Open Banking - looking beyond data sharing

In this paper, we take a view on what ‘Open Data’ means for different financial institutions

The Open Banking deadline is nearing for Data Holders, the major banks have already complied with product reference data, whereas non major ADIs including nonmajor banks, building societies and credit unions, are well set to comply with these requirements by Oct 1st, 2020.

While the compliance timelines for disclosure to accredited data recipients is still a few quarters away (phase-1 for major banks is
Oct 2020 and for non-major banks/ADIs/ building society/credit unions is July 2021), the financial institutions have also started to define their strategy around being a Data Recipient. We are seeing a varied set of approaches to the Open Banking Consumer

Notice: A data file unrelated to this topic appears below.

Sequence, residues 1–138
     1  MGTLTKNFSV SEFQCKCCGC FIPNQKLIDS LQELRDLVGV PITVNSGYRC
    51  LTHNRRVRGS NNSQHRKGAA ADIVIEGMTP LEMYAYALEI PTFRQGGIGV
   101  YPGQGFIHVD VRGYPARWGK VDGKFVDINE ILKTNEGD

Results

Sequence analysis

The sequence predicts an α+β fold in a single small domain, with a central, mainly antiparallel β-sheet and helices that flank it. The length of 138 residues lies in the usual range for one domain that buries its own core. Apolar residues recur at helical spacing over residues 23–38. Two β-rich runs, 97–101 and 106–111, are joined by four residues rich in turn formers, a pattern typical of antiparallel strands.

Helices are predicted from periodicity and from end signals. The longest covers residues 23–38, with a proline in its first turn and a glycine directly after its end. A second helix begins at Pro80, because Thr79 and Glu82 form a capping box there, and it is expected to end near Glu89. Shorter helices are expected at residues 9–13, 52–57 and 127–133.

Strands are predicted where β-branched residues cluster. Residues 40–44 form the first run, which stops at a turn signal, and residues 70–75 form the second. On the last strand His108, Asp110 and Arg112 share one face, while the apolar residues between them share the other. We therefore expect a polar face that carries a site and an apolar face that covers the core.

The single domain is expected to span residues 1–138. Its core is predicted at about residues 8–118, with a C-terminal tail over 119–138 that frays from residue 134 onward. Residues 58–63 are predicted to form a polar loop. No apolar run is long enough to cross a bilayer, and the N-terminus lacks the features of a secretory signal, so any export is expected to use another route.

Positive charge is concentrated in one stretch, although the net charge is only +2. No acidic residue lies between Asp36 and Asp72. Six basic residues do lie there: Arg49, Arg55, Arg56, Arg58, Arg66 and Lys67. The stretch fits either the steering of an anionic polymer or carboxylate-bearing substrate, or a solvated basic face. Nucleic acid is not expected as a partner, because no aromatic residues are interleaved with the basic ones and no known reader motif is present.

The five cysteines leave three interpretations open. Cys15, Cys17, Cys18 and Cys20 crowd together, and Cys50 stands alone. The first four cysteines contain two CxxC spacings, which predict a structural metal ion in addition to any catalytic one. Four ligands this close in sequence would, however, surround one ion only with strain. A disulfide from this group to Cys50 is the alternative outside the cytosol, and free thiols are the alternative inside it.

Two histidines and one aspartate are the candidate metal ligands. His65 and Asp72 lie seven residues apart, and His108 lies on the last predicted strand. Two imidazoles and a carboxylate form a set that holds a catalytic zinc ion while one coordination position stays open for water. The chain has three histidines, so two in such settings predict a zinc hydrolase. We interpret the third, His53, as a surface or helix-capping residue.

Data Right (CDR) compliance requirements.

While the smaller financial institutions have primarily focused on compliance aspects, the midlarge tier organisations have taken a strategic approach to prepare themselves for a new world, where the customer and banking data can be potentially accessible to all financial institutions based on customer consent.


The Opportunities for Financial Services

While the immediate focus of CDR has been product, banking and consumer data from Financial Institutions, it is expected to be extended to other industries such as utilities. Additionally, the Australian Competition and Consumer Commission (ACCC) is also contemplating ‘write access’, which can open up transaction processing by Data Recipients post receiving customer consent.



Click to download the full whitepaper here.